Sapeurs of the Congo

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I subscribe to the philosophy of ‘this can be beautiful’, hence my ears perked up when I started learning more about the Sapeurs of the Congo. This is a group of Congolese men who identify as part of the Society of Ambience-Makers and Elegant people. Aesthetics are an intricate part of the life we live….sometimes to a fault, when they become more important that the actual substance. Nevertheless, aesthetics can aid in creating identity or at least communicating that identity to the world.

“The Sapeurs are a band of men who turn the art of dressing into a cultural statement, and abide by a code befitting of the gentlemanly clothes they don so resplendently each morning.” (http://www.telegraph.co.uk/men/fashion-and-style/10564648/Meet-the-dandies-of-Brazzaville.html)

Although the question of what a Sapeur is and isn’t is generally understood, a lingering question is the role this construct plays in culture and society. Arguments range from seeing Sapeurs as a worthwhile political and social movement. One rising above the social constraints by appropriating dandyism and the master’s style & mannerism as throwback to colonial patterns. In the mean time, others see it simply as an obsession with fashion and the outside shell. I really don’t think this has to be a dichotomy, I see incredible value in finding quirky and interesting ways for identity creation and self expression. I’m all about that.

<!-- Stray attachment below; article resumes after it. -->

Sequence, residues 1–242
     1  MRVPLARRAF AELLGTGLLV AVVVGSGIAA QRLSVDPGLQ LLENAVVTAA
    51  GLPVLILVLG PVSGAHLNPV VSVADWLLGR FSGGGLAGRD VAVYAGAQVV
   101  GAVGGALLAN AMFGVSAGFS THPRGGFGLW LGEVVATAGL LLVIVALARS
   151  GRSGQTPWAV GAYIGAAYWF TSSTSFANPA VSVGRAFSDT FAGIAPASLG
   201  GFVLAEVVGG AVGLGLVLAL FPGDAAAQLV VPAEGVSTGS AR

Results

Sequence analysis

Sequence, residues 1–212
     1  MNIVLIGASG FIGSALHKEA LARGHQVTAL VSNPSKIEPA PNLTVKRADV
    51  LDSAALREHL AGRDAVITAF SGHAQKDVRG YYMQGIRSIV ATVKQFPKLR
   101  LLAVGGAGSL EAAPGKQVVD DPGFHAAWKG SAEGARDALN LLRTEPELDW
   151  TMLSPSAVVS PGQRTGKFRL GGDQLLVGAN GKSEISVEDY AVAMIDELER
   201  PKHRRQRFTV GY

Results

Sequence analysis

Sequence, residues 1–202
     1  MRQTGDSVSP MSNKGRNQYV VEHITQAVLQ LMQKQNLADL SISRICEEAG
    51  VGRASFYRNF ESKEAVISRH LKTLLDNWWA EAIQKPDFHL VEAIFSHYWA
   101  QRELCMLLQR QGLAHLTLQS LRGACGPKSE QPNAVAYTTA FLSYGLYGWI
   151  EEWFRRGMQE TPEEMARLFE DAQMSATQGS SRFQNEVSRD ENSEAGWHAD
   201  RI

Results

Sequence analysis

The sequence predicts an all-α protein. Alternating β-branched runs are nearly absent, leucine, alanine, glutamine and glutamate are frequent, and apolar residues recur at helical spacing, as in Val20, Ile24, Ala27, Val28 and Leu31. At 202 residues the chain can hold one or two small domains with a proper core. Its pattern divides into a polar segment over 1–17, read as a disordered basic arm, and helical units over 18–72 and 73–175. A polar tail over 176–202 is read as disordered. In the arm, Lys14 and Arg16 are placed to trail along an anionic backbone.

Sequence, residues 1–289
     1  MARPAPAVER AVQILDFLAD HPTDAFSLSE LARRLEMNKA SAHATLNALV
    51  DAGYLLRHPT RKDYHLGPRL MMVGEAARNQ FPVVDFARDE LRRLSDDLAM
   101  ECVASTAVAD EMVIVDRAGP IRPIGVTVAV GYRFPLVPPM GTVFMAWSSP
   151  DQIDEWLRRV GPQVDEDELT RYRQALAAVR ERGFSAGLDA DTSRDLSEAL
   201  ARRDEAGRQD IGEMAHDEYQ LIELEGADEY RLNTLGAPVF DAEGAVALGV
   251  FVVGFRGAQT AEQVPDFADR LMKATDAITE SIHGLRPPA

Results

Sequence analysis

This raises questions of dandyism in relation to notions of "what is cool". We have somewhat an obsession with the global culture of ‘cool’. Believe it or not many scholarly articles have been written on this notion of coolness. I mean, these are not questions that are going to change the world or save us from ourselves.......but they are interesting nonetheless. 

Some trace the notion of ‘cool’ all the way back to the days of slavery. Thorsten Botz-Bornstein of 'Philosophy Now' writes; 

The aesthetics of cool developed mainly as a behavioral attitude practiced by black men in the United States at the time of slavery. Slavery made necessary the cultivation of special defense mechanisms which employed emotional detachment and irony. A cool attitude helped slaves and former slaves to cope with exploitation or simply made it possible to walk the streets at night. During slavery, and long afterwards, overt aggression by blacks was punishable by death. Provocation had to remain relatively inoffensive, and any level of serious intent had to be disguised or suppressed. So cool represents a paradoxical fusion of submission and subversion. It’s a classic case of resistance to authority through creativity and innovation.

This is, in many ways, perverted if you think about it. And the question of effectiveness of these strategies obviously remains. Don't even get me started on the issue of completely ignoring women's role in the creation and advancement of culture and counter-culture. But that’s a debate for another day.

It’s quite paradoxical really because coolness means control, however the subject who obsesses and controls everything cannot be seen as cool. It’s the perfect balance between total control and total detachment. Like it has been said many times; the aesthetics of cool are complex and somewhat mysterious, you can’t define it but you know it when you see it. 

 

 

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